Melissa is currently working towards her M.A. degree in Anthropology at UF. Her research centers on the dynamic relationship between past peoples and their environments in coastal Southwest Florida. During the summer of 2011, she completed fieldwork at the Pineland Site Complex. Her goal was to test the hypothesis that a hurricane and associated storm surge in the 4th century A.D. impacted the site and can be traced through the archaeological record. In addition to her interest in archaeological and environmental studies, Melissa is passionate about linking ongoing research with existing museum collections and in disseminating information about the past.
Austin is pursuing an M.A. in Museum Studies (UF School of Art and Art History), with a disciplinary focus in Anthropology. His primary interests include museum registration, collections management, and exhibit design. For his thesis project, Austin is working with Florida Museum faculty and staff to digitize the Florida Ethnographic Collection by creating a publicly accessible online database. He has been employed as a curatorial assistant at the Florida Museum since 2008.
Jennifer M. Haney
Jennifer holds an M.A. degree from Southern Illinois University at Carbondale. She is currently pursuing a doctoral degree specializing in Paleoethnobotany at Penn State. Jennifer's research interests focus on the maintenance of anthropogenic environments associated with subsistence economies, plant domestication, resource choices, and issues of sustainability. For her dissertation research, she is analyzing charred wood remains collected from the Pineland Site Complex in order to examine choices of fuel-wood use, including changes through time, extraction impacts, and sustainability.
Andrea has conducted archaeological field and lab work in the southeastern U.S. since 2005, including sites in South Carolina, Georgia, and Florida. In 2011 she completed her master's degree in anthropology at the University of Florida, where she analyzed fine-screened vertebrate and invertebrate remains with regard to faunal distribution patterns and paleoenvironmental conditions at Pineland's Old Mound (8LL37) between A.D. 100 and 500. She has also created a geographical information system for the Pineland Site Complex.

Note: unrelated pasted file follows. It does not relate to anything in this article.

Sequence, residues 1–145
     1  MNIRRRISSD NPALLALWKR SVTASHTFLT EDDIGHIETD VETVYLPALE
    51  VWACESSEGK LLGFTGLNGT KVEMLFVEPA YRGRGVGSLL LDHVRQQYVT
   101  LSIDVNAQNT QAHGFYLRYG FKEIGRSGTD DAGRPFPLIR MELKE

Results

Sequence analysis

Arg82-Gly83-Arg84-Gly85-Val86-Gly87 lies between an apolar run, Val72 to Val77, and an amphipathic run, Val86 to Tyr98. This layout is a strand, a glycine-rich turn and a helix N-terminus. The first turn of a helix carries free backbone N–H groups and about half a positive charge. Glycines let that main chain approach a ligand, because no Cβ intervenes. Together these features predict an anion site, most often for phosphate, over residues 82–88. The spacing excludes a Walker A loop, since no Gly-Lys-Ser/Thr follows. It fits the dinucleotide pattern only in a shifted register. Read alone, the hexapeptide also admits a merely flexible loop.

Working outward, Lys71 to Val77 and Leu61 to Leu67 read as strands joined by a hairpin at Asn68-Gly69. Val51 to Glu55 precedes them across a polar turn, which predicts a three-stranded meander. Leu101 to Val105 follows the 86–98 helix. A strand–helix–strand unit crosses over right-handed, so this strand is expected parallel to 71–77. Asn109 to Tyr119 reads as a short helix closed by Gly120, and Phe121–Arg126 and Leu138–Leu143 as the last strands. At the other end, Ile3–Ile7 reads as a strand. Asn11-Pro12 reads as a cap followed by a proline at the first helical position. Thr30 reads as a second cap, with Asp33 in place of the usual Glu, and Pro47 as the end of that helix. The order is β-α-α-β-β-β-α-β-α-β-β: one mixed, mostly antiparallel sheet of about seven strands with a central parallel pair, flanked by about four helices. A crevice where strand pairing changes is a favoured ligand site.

Allysha is an Anthropology doctoral student at UF, where her Ph.D. research focuses on the interaction between age and activity on the skeletal degeneration of the hip joint. A Graduate Analyst at UF’s C.A. Pound Human Identification Laboratory (CAPHIL), she has also worked as a Forensic Anthropologist at the Joint POW/MIA Accounting Command Central Identification Laboratory (JPAC-CIL) in Hawaii. She is currently conducting research at the FLMNH on the bioarchaeology of southwest Florida and the burial practices of the Calusa and other maritime peoples. Allysha holds a B.A. in Archaeological Studies from Yale and an M.A. in Anthropology from NYU.
Michael has lived in Florida for over twenty years and has studied abroad in Mexico and Honduras, as well as several seasons of fieldwork in the American Southwest. He holds a B.A. in Anthropology from Florida Gulf Coast University. Before entering graduate school at the University of Florida, he was involved in operations at the Randell Research Center at Pineland. His M.A. thesis work is on the previously unexamined Mound 5 of the Brown's Mound Complex at Pineland, with a focus on faunal components and their relationship with changing environmental conditions in the fifth and seventh centuries.